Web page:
Creating a Home at St. Lawrence
Davis United World College Scholars are making room for new communities.
“We are trying to create events that international students will come to and value, but we also are trying to get domestic students to come as well,” says Anja Simic ’25. Simic, a St. Lawrence computer science major, is originally from Niš, Serbia, and a graduate of the United World College’s program (UWC) in Duino, Italy. She serves as the coordinator of I-House, an international student organization promoting equality and multicultural understanding on campus, with a newly established theme house on Lincoln Street.
Davis UWC Scholars, other international students, and globally-minded domestic students have lived together for many years. They hosted gatherings in the University’s “International House” (I-House), located within a specific wing of the Sykes Residence—the last of St. Lawrence “theme houses” lacking a dedicated building.
During the summer of 2022, I-House moved to a new permanent, stand-alone residential theme house. I-House student coordinators for 2022-2023 are Class of 2025 Davis UWC Scholars Anja Simic and Tenzin Zomkey.
“Everyone was so much more excited about living in the house, visiting the house, going to events at the house, and feeling more like they have their own space, or that they can go to their own space,” Simic says. “People want to come, and they want to collaborate with us,” adds Zomkey. “Now that we have a house, we can have actual events with other clubs like the A.S.I.A. club or soccer club.”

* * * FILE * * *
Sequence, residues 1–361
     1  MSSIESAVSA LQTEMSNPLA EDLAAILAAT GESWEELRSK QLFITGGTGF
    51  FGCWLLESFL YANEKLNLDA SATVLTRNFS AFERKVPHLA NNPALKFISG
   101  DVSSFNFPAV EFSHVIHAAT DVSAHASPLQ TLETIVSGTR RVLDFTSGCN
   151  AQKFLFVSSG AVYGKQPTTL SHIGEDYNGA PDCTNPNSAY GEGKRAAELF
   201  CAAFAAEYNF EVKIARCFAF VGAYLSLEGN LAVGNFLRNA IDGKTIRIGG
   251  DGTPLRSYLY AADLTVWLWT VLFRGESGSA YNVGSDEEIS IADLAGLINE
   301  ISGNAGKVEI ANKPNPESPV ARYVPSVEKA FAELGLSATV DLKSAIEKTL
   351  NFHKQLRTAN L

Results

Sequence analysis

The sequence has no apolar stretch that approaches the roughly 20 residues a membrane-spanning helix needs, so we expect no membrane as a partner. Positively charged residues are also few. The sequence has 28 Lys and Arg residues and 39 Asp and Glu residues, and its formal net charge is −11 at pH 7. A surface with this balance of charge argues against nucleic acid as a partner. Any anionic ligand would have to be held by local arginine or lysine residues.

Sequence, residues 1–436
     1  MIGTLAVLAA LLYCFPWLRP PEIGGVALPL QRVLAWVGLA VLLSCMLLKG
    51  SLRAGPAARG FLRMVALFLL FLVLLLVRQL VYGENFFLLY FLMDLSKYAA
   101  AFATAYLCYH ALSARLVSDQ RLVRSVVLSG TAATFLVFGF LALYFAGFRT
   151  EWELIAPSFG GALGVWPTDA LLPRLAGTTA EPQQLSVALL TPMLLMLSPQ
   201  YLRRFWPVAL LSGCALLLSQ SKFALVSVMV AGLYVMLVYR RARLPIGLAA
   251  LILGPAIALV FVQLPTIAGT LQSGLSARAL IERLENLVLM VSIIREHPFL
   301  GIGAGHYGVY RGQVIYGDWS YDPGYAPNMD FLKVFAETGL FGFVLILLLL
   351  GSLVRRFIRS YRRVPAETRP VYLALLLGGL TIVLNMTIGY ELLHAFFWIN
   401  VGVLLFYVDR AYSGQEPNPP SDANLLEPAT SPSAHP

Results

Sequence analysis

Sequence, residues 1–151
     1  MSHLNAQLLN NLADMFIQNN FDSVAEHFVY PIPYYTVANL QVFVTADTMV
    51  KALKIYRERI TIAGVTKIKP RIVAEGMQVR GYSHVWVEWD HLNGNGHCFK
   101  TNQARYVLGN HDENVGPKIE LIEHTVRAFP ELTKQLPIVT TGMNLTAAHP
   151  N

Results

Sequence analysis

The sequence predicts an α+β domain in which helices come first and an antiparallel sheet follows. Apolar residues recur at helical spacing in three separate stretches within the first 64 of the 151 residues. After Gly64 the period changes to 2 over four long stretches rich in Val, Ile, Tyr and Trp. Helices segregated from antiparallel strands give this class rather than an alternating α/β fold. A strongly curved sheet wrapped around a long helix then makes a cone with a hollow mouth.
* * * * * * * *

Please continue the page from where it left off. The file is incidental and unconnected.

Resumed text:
Simic shares that the success of having a home for the I-House after several years of student advocacy has been a game-changer. She believes I-House’s involvement and the events hosted help to amplify St. Lawrence’s international educational goals. Along with her commitment to the I-House, she works at the Peterson Quantitative Resource Center (PQRC), the information desk in the Sullivan Student Center, and as an intern for Nature Up North.
Simic is one of 97 current St. Lawrence students who graduated from UWC, a pre-college program with 18 campuses spread across five continents, educating thousands of high school students from 180 countries. Of the 538 students in the Class of 2026, 60 are international students. They make up 12 percent of the new student population, up from 10 percent the previous year. Twenty-eight are Davis UWC Scholars, one of the largest Davis UWC Scholar populations in New York state. For the first time in St. Lawrence’s history, Davis UWC Scholars comprise almost half of the international student population.
The UWC of East Africa topped the list of the highest first-year student population entering this fall, matched only by the Hugh C. Williams Senior High School in Canton, New York, each with seven students.
“From their arrival on campus, our Davis UWC Scholars seek out opportunities for learning and growth,” says University Vice President for Enrollment Management and Dean of Admissions & Financial Aid Florence Hines. “They build significant representation in fellowship and internship programs; distinguish themselves as strong peer mentors, tutors, and residential community assistants; serve as student organization officers; and earn recognition for their academic excellence and overall leadership across disciplines and co-curricular life.”